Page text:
Formats for Your Internet Resume
Different resume formats offer the same information to potential employers, viewable with different kinds of software.
In addition to the traditional and still very useful word processing software format, e-mail and online resume posting often requires other additional formats. Recognize these formats by the file extension at the end of the file name (e.g. "*.doc" or "*.docx" for Microsoft Word documents, "*.pdf" for Adobe Acrobat formated documents, "*.txt" for plain ASCII text documents, etc.).
Just changing the extension does not change the format. To have a readable and usable file, save the file in the appropriate format with the appropriate software (e.g. Microsoft Word for "*.doc"), and the correct file extension will be there. Everyone should have their resume available in Microsoft Word format.
The most common Microsoft Word file extension is "*.doc". Avoid saving with the "*.docx" extension which may not be readable by older versions of Word.
There are 2 basic file formats for your Internet Resume. In the absence of any direction by the employer/recruiter, use these 2 methods in your on-line job search:
text format is very plain text (the file extension is ".txt," as in Mary-Smith-CPA-Resume.txt), used to:
- Cut-and-paste into the body of an e-mail message to send your resume to potential employers, etc. and
into the resume/profile forms on Web job sites and employer
format turns your resume into a Web page, viewable in a Web browser, and allowing you to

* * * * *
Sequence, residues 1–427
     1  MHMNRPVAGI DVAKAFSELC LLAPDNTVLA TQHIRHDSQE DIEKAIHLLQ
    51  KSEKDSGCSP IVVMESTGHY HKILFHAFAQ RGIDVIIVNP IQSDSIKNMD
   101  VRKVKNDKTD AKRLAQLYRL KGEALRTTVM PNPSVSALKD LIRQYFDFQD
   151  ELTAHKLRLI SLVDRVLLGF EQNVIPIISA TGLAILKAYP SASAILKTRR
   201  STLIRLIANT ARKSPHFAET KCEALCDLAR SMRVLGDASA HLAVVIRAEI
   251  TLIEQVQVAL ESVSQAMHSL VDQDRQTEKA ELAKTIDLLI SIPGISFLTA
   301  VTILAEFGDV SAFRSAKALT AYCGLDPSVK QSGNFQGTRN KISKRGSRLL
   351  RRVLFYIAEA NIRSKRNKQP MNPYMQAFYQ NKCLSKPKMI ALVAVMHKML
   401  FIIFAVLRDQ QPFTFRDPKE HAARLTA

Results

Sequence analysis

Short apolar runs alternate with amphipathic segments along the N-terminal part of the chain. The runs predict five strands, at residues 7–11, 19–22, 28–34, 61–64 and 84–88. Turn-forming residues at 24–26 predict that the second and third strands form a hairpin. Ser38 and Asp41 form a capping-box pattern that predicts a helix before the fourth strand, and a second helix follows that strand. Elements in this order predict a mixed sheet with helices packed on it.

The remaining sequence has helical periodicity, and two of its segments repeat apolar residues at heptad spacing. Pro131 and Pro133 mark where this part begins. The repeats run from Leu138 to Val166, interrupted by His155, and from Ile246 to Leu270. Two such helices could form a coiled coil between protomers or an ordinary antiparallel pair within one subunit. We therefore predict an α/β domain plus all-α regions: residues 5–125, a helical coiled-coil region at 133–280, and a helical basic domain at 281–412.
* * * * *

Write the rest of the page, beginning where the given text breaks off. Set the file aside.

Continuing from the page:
add bolding, color, and other special formatting for:
- Your personal resume Web page (be sure that it's a Cyber-Safe Resume to protect your privacy and identity!)
into the resume/profile forms on the Web job sites and employer
Web sites that allow use of HTML.
Both of these file formats are very common on the Internet, and, consequently, are usually also very reliable. Use them unless an employer/recruiter has requested a different format from you. See more detailed information below.
Note that PDF versions of your resume are not usually appropriate to submit to a resume database.
Formatting Your Internet Resume:
Start with the file you saved when you created your traditional printed resume, assuming that you have one. It is probably a Microsoft Word document, or it may be any other word processing program (e.g. WordPerfect, etc.). Hopefully, it presents you in the best light possible and has also been spell-checked and proofread very carefully.
format for e-mail
a Word document -
- Open your Word document in Microsoft Word
it as an ASCII text file >>
File > Save As > Save as Type: Plain Text (*.txt) or Text Only with Line Breaks (*.txt)
- Close the document and Word.
- Open Accessories > Notepad
- Open the file you just created
it up a bit with the techniques in ASCII
(but reliable) method -- the step-by-step process
This method usually works for documents from most other word processing programs, also.
- Quick method --
- Converting a Word document -
- HTML format
for a Web page --
(but less reliable) --
- Open your Word document in Microsoft Word.
it as an HTML file: see above, except select Save
as Type: Web Page (*.htm, *.html).
method -- use a software program like Dreamweaver or HomeSite to format your resume as a web page.
You will learn a potentially saleable (or at least useful)
skill with this method.
- Quickest method (but less reliable) --
How to Email Your Resume Safely:
- Avoiding the Spam Filters
- Making E-Mail Work for Your Job Search
- Smart E-mail Etiquette
- E-Mailing Cover Letters
More about Keywords:
More about Internet Resumes:
More about Resumes:
© Copyright, 1998 - 2013, Susan P. Joyce. All rights reserved.
About the author...
Online job search expert Susan P. Joyce has been observing the online job search world and teaching online job search skills since 1995. A veteran of the United States Marine Corps, Susan is a two-time layoff “graduate” who has worked in human resources at Harvard University and in a compensation consulting firm. Since 1998, Susan has been editor and publisher of Job-Hunt.org. Follow Susan on Twitter at @jobhuntorg and on Google+.